Large Trader

Definition of 'Large Trader'


An investor or organization with trades that are equal to or in excess of certain amounts as specified by the United States Securities And Exchange Commission (SEC). A large trader is defined by the SEC as "a person whose transactions in NMS securities equal or exceed 2 million shares or $20 million during any calendar day, or 20 million shares or $200 million during any calendar month." Any market participant who is, by definition, a large trader must identify himself or herself to the SEC and submit Form 13H, "Large Trader Registration: Information Required of Large Traders Pursuant To Section 13(h) of the Securities Exchange Act of 1934 and Rules Thereunder."

Investopedia explains 'Large Trader'


As of 2011, the SEC requires that all traders who execute a substantial amount of trading activity, as measured by volume or market value, identify themselves to the SEC by registering with the SEC through Form 13H. The SEC assigns each large trade an identification number, and collects information and analyzes each large trader's trading activity. In addition, certain registered broker-dealers are required to adhere to SEC rules regarding recordkeeping, reporting and monitoring of large traders who execute transactions through the broker-dealer.

The SEC initiated large trader reporting in response to the development of trading technology that enables trading in substantial volumes and fast execution speeds. In addition, the SEC cited the rising prominence of large traders and high-frequency traders (HFTs) in the markets and the need to have improved access to their trading activity.

Large trader reporting is intended to help the SEC identify individuals engaged in significant market activity in order to analyze their market activity and determine the impact of their trading activity.

Large traders must submit an "Initial Filing" through Form 13H and an "Annual Filing" for each applicable calendar year. A previously identified large trader who has not conducted the identifying amount of trading activity as measured by volume or market value may file for an Inactive Status, and can remain inactive and exempt from the filing requirements until the large trader trading level is made again.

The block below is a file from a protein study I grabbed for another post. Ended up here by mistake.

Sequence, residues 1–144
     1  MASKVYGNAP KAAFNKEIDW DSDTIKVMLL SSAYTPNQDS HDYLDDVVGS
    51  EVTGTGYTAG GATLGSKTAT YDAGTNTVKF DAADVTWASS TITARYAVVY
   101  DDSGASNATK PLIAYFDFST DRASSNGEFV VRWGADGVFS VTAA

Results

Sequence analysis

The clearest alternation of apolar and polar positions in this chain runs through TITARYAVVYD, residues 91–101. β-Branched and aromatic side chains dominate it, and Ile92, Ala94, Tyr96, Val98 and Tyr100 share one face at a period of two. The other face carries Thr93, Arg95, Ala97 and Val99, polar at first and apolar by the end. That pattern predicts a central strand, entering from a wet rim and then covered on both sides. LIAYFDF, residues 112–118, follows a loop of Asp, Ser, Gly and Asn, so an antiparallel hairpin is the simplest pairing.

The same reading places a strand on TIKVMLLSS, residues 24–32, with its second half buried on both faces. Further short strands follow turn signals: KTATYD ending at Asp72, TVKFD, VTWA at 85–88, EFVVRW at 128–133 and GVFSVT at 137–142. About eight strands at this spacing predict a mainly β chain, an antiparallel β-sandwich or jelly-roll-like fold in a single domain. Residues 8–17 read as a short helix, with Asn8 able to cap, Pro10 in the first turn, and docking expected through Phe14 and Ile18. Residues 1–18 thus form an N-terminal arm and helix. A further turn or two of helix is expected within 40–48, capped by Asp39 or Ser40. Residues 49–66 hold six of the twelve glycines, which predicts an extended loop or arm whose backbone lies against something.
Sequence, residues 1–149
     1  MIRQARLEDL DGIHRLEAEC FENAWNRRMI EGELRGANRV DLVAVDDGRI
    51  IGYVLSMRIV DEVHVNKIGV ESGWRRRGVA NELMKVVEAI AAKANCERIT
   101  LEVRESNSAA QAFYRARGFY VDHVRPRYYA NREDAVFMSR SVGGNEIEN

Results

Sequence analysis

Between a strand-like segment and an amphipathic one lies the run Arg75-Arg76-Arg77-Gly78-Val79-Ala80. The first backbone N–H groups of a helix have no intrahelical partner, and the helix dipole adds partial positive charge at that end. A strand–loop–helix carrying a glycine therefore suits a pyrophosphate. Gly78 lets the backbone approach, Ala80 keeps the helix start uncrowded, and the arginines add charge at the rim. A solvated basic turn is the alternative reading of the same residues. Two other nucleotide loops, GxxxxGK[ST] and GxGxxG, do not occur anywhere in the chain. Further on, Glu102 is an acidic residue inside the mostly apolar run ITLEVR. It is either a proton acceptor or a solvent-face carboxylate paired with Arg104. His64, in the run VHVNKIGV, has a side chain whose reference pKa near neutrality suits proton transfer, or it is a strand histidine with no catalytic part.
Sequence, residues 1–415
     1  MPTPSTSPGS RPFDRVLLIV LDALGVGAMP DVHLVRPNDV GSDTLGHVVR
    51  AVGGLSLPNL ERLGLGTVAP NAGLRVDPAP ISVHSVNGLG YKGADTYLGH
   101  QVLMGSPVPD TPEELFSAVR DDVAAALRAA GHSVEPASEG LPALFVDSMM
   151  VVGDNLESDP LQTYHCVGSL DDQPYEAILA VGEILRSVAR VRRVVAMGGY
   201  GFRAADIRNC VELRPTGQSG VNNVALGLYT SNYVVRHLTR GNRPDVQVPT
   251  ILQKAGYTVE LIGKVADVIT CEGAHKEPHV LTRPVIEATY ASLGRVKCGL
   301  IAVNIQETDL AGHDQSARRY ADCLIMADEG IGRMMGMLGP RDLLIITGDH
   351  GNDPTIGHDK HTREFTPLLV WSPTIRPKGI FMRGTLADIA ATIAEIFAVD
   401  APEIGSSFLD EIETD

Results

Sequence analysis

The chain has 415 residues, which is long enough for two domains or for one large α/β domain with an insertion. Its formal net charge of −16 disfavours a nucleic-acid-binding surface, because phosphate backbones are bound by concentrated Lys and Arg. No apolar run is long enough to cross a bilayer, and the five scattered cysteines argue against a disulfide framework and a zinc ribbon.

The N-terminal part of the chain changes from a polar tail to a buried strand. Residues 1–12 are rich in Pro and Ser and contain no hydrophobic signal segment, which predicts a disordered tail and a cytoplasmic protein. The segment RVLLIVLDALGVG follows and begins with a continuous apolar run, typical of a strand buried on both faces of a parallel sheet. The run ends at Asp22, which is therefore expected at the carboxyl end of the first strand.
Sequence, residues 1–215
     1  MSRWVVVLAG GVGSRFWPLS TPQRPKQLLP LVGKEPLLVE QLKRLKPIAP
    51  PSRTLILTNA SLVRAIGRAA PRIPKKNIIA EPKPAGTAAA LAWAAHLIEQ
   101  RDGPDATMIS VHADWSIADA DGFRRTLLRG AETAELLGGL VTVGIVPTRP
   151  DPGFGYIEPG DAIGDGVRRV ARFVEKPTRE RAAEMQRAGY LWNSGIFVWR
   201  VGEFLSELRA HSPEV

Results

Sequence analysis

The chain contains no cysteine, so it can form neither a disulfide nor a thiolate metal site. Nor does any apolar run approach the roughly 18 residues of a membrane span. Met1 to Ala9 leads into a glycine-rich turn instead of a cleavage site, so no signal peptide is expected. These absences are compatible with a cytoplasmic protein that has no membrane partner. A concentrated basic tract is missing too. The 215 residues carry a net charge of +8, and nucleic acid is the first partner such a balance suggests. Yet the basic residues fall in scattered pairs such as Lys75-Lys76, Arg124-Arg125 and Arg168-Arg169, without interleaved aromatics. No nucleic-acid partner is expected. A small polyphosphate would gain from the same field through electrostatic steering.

comments powered by Disqus
Hot Definitions
  1. XW

    A symbol used to signify that a security is trading ex-warrant. XW is one of many alphabetic qualifiers that act as a shorthand to tell investors key information about a specific security in a stock quote. These qualifiers should not be confused with ticker symbols, some of which, like qualifiers, are just one or two letters.
  2. Quanto Swap

    A swap with varying combinations of interest rate, currency and equity swap features, where payments are based on the movement of two different countries' interest rates. This is also referred to as a differential or "diff" swap.
  3. Genuine Progress Indicator - GPI

    A metric used to measure the economic growth of a country. It is often considered as a replacement to the more well known gross domestic product (GDP) economic indicator. The GPI indicator takes everything the GDP uses into account, but also adds other figures that represent the cost of the negative effects related to economic activity (such as the cost of crime, cost of ozone depletion and cost of resource depletion, among others).
  4. Accelerated Share Repurchase - ASR

    A specific method by which corporations can repurchase outstanding shares of their stock. The accelerated share repurchase (ASR) is usually accomplished by the corporation purchasing shares of its stock from an investment bank. The investment bank borrows the shares from clients or share lenders and sells them to the company.
  5. Microeconomic Pricing Model

    A model of the way prices are set within a market for a given good. According to this model, prices are set based on the balance of supply and demand in the market. In general, profit incentives are said to resemble an "invisible hand" that guides competing participants to an equilibrium price. The demand curve in this model is determined by consumers attempting to maximize their utility, given their budget.
  6. Centralized Market

    A financial market structure that consists of having all orders routed to one central exchange with no other competing market. The quoted prices of the various securities listed on the exchange represent the only price that is available to investors seeking to buy or sell the specific asset.
Trading Center